Straw is an agricultural byproduct consisting of the dry stalks of cereal plants after the grain and chaff have been removed. It makes up about half of the yield of cereal crops such as barley, rice and wheat, it has a number of different uses, including fuel, livestock bedding and fodder and basket making. Straw is gathered and stored in a straw bale, a bale, or bundle, of straw bound with twine, wire, or string. Straw bales may be square, rectangular, or round, can be large, depending on the type of baler used. Current and historic uses of straw include: Animal feed Straw may be fed as part of the roughage component of the diet to cattle or horses that are on a near maintenance level of energy requirement, it has a low digestible nutrient content. The heat generated when microorganisms in a herbivore's gut digest straw can be useful in maintaining body temperature in cold climates. Due to the risk of impaction and its poor nutrient profile, it should always be restricted to part of the diet.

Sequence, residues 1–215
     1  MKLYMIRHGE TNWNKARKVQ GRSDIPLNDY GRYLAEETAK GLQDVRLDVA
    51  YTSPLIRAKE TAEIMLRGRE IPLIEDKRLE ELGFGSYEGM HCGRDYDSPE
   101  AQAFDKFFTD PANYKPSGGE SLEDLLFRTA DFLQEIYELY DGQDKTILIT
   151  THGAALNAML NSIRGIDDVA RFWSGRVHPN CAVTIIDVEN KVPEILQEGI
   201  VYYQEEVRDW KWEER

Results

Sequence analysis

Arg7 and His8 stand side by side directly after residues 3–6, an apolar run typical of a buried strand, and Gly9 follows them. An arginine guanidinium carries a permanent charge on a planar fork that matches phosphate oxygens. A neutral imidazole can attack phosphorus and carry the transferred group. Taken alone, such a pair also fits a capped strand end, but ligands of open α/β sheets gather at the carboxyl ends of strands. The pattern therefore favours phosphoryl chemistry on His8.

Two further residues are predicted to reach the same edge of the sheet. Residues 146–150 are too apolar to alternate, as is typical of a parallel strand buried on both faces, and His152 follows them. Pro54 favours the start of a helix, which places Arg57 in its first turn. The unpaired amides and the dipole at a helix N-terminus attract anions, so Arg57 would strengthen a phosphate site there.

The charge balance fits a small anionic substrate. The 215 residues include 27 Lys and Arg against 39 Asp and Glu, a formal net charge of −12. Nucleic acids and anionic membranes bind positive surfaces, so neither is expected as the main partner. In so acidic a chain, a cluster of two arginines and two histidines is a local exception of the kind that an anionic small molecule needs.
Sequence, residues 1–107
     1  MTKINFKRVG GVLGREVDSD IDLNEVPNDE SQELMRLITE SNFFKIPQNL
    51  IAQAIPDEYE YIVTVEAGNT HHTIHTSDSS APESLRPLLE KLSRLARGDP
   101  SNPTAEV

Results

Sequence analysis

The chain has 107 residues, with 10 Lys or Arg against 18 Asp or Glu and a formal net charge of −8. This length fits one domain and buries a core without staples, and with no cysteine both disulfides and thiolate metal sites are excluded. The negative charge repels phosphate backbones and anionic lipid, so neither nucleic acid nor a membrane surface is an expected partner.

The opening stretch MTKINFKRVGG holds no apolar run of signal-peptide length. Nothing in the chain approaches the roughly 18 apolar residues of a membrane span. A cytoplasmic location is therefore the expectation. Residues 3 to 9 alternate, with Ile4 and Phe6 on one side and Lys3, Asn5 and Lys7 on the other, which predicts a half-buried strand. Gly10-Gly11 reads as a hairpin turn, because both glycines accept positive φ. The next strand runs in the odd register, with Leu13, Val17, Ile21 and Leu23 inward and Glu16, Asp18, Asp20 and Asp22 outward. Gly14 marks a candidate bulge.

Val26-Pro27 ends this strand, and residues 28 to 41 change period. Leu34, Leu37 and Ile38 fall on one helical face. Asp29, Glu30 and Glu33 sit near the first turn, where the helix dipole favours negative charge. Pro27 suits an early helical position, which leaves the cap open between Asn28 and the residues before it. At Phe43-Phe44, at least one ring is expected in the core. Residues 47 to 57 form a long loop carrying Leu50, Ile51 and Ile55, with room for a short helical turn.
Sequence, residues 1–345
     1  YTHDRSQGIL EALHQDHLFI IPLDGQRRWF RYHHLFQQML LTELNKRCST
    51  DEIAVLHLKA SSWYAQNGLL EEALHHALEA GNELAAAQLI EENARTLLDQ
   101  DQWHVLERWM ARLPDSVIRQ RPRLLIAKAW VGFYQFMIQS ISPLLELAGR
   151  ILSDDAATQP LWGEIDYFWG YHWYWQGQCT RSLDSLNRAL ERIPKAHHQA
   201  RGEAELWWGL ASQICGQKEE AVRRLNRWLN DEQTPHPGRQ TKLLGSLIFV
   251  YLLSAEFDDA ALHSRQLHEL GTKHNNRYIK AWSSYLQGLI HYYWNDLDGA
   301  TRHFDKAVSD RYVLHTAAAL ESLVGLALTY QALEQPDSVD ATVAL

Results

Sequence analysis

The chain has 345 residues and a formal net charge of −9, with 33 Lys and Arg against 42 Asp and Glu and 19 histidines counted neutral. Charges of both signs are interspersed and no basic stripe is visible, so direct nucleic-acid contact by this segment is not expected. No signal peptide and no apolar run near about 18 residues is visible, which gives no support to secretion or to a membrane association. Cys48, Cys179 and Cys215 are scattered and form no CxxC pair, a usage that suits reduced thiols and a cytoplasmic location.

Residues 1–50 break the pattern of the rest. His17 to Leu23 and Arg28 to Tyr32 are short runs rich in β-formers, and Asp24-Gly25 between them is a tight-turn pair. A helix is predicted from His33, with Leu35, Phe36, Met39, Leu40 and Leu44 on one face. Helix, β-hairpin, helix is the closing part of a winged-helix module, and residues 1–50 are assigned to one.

It may be fed as it chopped into short lengths, known as chaff. Basketry Bee skeps and linen baskets are made from coiled and bound together continuous lengths of straw; the technique is known as lip work. Bedding: humans or livestock The straw-filled mattress known as a palliasse, is still used in many parts of the world, it is used as bedding for ruminants and horses. It may be used as bedding and food for small animals, but this leads to injuries to mouth and eyes as straw is quite sharp. Biofuels The use of straw as a carbon-neutral energy source is increasing especially for biobutanol. Straw or hay briquettes are a biofuel substitute to coal. Biogas Straw, processed first as briquettes, has been fed into a biogas plant in Aarhus University, Denmark, in a test to see if higher gas yields could be attained. Biomass The use of straw in large-scale biomass power plants is becoming mainstream in the EU, with several facilities online; the straw is either used directly in the form of bales, or densified into pellets which allows for the feedstock to be transported over longer distances.